Teachers have been important to me my whole life. Feeling as if I were brought up by wolves- ever aware of my social position of having limited family or emotional support, I’ve sought after teachers that my mother would respect. It wasn’t coincidental that good teachers held sway over her moods. I ‘knew’ that she valued intelligence and books- whether the said so or not.
By respect, I mean people who calmed her. Naturally, I could these shifts in my being.
Our pediatrician was one she trusted. I valued his stability; she’d be calm for a good couple of days after our visits- before the tirades and beatings began again. He was a significant anchor in my life-even if he did have to unnecessarily pump out my stomach because my mother told him I’d eaten baby aspirin, when it was really orange lifesavers. But I knew he had to listen to her, not me.
While many did refer to my mother as brilliant, her treatment towards me was consistently painful. She had a scathing tongue and enjoyed whipping me especially (I reminded her of my father, or so she said)
Because of her, I know well the traits of those abusing power. I saw enough unintended consequences of her using it over others. Friends and family abandoned her and she ultimately lost her agency over others. Ya know, kids grow up and move away as soon as they can, from an abuser.
All I knew was I didn’t want to be like her and I really just wanted to know how to stay out of her way! School gave me an opportunity to learn ways to be “good”. Books gave me opportunity to dream and consider alternate realities.
Since then, I’ve had so many teachers! I keep trying to find a ‘better’ model for me, I guess but for some reason, I’m ‘allergic’ to anyone who’d call themselves a guru. (lol, something I probably need the most?)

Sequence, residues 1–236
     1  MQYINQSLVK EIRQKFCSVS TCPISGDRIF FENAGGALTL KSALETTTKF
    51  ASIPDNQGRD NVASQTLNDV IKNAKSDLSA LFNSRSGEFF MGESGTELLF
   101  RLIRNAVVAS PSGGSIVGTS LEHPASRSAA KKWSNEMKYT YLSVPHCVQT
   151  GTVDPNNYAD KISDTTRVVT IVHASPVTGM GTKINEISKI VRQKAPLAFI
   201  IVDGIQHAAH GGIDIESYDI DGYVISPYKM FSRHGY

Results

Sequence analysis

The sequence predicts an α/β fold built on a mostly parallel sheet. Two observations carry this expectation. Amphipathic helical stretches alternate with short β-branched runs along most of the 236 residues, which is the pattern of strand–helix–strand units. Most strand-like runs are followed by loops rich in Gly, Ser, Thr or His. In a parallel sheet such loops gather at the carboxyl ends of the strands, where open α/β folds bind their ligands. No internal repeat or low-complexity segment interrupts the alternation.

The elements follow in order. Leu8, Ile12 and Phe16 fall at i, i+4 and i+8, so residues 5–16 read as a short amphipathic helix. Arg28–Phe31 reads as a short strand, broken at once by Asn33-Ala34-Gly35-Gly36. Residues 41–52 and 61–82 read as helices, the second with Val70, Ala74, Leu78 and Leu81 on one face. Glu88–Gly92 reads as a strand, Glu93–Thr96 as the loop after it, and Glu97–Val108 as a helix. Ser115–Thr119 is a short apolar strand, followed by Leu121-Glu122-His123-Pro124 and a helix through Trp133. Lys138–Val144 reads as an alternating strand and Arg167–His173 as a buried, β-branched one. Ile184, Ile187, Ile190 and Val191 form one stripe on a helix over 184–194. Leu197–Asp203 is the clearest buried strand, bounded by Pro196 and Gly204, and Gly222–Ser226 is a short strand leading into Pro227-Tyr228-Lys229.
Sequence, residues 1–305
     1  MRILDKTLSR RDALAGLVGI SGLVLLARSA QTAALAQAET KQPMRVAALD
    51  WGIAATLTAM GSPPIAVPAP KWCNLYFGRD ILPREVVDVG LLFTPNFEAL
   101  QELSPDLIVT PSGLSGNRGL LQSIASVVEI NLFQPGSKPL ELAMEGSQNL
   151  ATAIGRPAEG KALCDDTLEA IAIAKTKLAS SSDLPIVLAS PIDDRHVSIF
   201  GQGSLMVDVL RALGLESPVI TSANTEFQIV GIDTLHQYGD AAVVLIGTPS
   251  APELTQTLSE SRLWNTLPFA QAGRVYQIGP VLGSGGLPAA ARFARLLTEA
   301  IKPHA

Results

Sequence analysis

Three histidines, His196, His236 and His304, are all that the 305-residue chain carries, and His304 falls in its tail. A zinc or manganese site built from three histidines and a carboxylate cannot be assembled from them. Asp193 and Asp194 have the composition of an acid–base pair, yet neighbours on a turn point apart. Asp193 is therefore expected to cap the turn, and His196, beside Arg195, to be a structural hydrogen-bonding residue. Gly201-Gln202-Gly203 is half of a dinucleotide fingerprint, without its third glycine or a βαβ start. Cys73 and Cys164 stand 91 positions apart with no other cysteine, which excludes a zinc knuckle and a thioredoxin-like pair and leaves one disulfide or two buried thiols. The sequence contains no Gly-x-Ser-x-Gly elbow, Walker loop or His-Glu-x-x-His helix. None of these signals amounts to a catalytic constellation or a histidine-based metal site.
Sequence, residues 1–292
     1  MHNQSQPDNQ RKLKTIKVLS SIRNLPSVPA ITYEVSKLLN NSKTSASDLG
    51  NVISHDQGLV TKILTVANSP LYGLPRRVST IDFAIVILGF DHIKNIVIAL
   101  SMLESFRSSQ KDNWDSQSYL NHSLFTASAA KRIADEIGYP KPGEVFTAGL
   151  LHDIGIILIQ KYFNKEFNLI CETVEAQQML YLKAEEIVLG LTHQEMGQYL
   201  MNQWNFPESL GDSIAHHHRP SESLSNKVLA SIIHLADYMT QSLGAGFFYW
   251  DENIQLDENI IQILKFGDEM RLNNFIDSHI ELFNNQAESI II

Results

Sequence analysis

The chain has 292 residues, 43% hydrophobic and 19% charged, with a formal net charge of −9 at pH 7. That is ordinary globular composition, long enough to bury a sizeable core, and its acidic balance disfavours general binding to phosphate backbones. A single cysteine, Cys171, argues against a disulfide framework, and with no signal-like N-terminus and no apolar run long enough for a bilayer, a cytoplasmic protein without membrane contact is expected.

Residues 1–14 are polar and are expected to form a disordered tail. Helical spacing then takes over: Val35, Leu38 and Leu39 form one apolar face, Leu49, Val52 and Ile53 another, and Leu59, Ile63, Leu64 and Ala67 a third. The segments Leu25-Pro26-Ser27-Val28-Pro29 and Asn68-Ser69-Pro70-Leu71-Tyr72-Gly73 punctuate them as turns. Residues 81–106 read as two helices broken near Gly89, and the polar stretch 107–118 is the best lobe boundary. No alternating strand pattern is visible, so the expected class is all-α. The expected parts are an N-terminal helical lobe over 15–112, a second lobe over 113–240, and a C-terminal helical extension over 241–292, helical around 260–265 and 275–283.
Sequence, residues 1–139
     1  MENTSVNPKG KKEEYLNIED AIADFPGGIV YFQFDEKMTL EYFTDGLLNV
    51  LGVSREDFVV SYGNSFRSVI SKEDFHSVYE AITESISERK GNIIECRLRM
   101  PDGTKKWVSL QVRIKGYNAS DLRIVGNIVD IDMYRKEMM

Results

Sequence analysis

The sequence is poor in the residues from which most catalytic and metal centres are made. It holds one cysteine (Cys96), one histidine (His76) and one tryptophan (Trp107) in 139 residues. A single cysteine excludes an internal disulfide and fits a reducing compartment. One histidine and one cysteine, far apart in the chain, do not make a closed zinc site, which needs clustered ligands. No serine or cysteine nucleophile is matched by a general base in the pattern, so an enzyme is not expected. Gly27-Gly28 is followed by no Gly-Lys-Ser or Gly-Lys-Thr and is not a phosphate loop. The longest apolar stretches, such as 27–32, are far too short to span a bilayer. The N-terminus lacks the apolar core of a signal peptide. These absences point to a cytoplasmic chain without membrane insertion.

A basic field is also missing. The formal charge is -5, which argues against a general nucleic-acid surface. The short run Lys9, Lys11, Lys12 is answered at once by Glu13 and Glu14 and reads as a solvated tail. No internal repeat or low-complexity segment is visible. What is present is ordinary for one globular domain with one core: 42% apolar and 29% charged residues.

Each teacher has had, ultimately, wonderful lesson plans. I can truthfully say, that what you put into it, you get out. Even if you have to give it the good old college try!
“When the student is ready, the teacher will come”, ….and “when the teacher is ready, the student will come”- a truism that I’ve found serves well.
I’ve learned from all my educational teachers, though like anyone else, I love to be dazzled by a master. If they share a deep fund of knowledge, or at least love what they’re talking about, then it is easy to listen, learn and apply. When I was miserable, I could at least share for that hour their heart sense of enthusiasm.
In university, I sought out the most demanding teachers by reputation for rigor and content, especially as most classes fascinated me. That gave me lead in my keel, so to speak.
Despite my enthusiasm for a subject, sometimes you get a difficult teacher. These are the ones who provide opportunities for emotional growth, which you really only get from peers or as embodied by your parents.
I was once challenged by a stats professor who seemed uncomfortable with women in college. He was Muslim, but could have been any fundamentalist, and refused to look at me. He would answer my questions looking at the floor and with such terse succinctness, clearly further questions weren’t welcomed! Of the three of us women in the class, I didn’t see him treating them otherwise either.
He treated his male students, as his peers, with coach-like enthusiasm.
That really rubbed me hard and I didn’t do well in the class, getting my lowest mark at McGill. Sometimes, you get what you get, so next time, if it really matters, do your research a little better. Lesson learned.
Years later, I realized he missed out on me as a student, for him, as much as I missed out on his wellspring. Fortunately I still love maths! So many girls* take the hint and give up a lot sooner.
I’ve learned from working with my nurses about teamwork [Bless them and the moments they share with the wretched.] They, usually people of color, could sense my unhappiness, or more often not, sadness and anger- really sense of suppressed rage. No doubt some of them identified with me. The blessing was they were willing to let me know they could see it. I will never forget the little cringe inside when they’d ask to pray for me. (Asking is what is important. It makes the soul scream out a little, “Yes”!)